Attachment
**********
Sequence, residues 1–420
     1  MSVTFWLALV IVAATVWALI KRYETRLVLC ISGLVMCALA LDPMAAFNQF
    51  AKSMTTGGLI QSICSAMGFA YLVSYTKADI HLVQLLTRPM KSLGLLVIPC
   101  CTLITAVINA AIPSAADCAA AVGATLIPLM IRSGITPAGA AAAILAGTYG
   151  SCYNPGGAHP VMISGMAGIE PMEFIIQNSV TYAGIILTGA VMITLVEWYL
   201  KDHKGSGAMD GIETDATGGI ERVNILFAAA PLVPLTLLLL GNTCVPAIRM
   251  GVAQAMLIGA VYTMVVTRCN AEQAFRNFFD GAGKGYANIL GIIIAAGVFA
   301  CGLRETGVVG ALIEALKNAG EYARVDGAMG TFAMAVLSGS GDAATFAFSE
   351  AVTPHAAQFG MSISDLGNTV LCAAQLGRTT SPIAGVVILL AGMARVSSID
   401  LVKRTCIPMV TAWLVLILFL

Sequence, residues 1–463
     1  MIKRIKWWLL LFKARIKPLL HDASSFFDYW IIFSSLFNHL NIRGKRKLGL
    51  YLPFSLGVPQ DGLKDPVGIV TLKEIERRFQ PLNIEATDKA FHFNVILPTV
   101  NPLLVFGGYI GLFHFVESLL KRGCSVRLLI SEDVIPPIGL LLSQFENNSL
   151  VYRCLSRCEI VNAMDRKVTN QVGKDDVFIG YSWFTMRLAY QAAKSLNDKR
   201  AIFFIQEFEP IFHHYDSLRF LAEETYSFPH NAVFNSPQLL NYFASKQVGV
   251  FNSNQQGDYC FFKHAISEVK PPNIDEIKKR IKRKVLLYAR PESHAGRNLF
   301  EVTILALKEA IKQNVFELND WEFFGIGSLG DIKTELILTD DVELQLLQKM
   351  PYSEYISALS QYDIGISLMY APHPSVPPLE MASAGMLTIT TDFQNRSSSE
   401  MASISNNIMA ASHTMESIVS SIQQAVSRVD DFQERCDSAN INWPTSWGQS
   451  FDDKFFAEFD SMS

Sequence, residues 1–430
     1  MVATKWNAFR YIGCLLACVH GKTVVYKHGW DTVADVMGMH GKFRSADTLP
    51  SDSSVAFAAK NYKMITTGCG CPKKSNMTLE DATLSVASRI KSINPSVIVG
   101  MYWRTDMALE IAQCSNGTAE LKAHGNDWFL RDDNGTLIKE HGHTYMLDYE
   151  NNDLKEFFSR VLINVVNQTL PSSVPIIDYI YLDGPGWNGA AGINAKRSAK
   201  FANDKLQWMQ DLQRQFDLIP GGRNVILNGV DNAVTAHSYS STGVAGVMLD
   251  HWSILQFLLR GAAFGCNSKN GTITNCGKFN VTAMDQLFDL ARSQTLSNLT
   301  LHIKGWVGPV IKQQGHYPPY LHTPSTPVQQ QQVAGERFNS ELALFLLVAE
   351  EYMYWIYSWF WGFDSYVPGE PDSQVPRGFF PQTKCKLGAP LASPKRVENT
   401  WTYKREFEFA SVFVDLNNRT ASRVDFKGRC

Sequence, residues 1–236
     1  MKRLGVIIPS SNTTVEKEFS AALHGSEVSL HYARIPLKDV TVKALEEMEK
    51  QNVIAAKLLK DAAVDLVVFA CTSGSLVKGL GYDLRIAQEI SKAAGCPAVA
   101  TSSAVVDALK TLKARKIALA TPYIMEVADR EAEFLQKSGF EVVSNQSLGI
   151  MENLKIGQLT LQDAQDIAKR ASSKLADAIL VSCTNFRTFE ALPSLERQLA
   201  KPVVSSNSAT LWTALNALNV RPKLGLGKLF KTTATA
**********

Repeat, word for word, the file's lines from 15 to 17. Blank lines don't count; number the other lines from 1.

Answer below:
   151  VYRCLSRCEI VNAMDRKVTN QVGKDDVFIG YSWFTMRLAY QAAKSLNDKR
   201  AIFFIQEFEP IFHHYDSLRF LAEETYSFPH NAVFNSPQLL NYFASKQVGV
   251  FNSNQQGDYC FFKHAISEVK PPNIDEIKKR IKRKVLLYAR PESHAGRNLF